No, of course you don’t. You’re happy to sit on your ass, nit pick from the sidelines and quaff Starbucks while women in Afghanistan are stoned to death & their faces are burned off, while North Koreans are continued to be made the wind-up toys of their dictator until he tires of their robotic cheering, while the Basij – as this is written – cut down revolutionaries in Tehran who have grown exhausted of their monarchy, while the al Qaeda warlords in Somalia rob children of their future and while the Roman Catholic Church continues to do it’s damndest to make sure that AIDS will be an indefinitely persistent terror throughout the entire African continent.

    The only reason that you, myself, Dr. Atran or anyone reading this from the comfort of their home office is not right now proudly wearing several coils of chain is due to the uncompromising violence used by the likes of Washington, Jefferson, Payne, Marx, Trotsky, Roosevelt, Churchill, Locke, Khayyam, Dawkins, Harris, Hitchens, Dennet, Pinker, Weinburg, Degrasse Tyson and, though I am loathe to say it (here especially), in light of recent reading it would simply be dishonest not to, Bush, to repel the insidious, the wicked, the bullying, the megalomania, the fascism that is the manifestation of religion in our stead.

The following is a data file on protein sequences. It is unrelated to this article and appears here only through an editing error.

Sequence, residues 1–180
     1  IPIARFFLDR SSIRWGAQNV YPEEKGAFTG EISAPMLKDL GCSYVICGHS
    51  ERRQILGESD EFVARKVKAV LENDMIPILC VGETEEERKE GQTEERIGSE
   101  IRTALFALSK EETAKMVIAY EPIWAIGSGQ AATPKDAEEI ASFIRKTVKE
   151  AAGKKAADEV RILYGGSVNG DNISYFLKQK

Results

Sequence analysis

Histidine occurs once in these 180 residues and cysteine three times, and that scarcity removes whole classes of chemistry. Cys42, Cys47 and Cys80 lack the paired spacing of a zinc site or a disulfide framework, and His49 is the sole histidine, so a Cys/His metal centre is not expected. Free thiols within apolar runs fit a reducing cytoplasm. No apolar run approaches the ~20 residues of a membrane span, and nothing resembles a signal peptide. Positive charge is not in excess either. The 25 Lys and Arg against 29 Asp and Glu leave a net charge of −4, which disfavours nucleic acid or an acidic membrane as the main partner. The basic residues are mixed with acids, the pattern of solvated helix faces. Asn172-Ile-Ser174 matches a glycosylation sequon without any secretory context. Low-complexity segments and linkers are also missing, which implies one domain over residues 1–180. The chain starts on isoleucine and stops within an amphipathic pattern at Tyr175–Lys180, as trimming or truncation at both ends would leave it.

Spitting in the eyes of those who have erected the bulwarks you currently shelter behind is odd way of saying thanks. How long do you think you’d last in Sana’a before covering your face and cowering in shame like the rest of the female populace, Alison? How many baleful glares and unspoken threats from brainwashed, divinely entitled men would it take to rend apart those convictions regarding the harmlessness, the fickleness, the superficiality of religion & religious indoctrination?

    Posted by Kevin R Brown | February 18, 2010, 3:00 am
  11. I never said we shouldn’t question religious beliefs.

    Let us use your post as an example of critical thinking and examine it piece by piece shall we?

    Every single time that ANYONE has ever provided a peer reviewed article that has found a different conclusion to Dr. Atran’s or a peer reviewed direct rebuttal to Atran, you’ve just shrugged your shoulders and preferred your pet intellectual’s findings for no reason other than your own inherent bias. But when Atran publishes? Well then, dammit, we better bow our heads!

    And what studies would those be Mr. Brown? Harris/Hitchen’s books aren’t in peer reviewed journals.

    Dr. Atran is in the fringe minority. Dr. Dennet, Dr. Dawkins, Dr. DeGrasse Tyson, Dr. Pinker, Dr. Scott, Dr. Weinburg, Mr. Hitchens, Mr. Harris, Dr. Singer… there’s no parity in the consensus at all (if you want, I could throw up Dr. Chomsky as an ally – though I’m dubious that’s something you’d appreciate).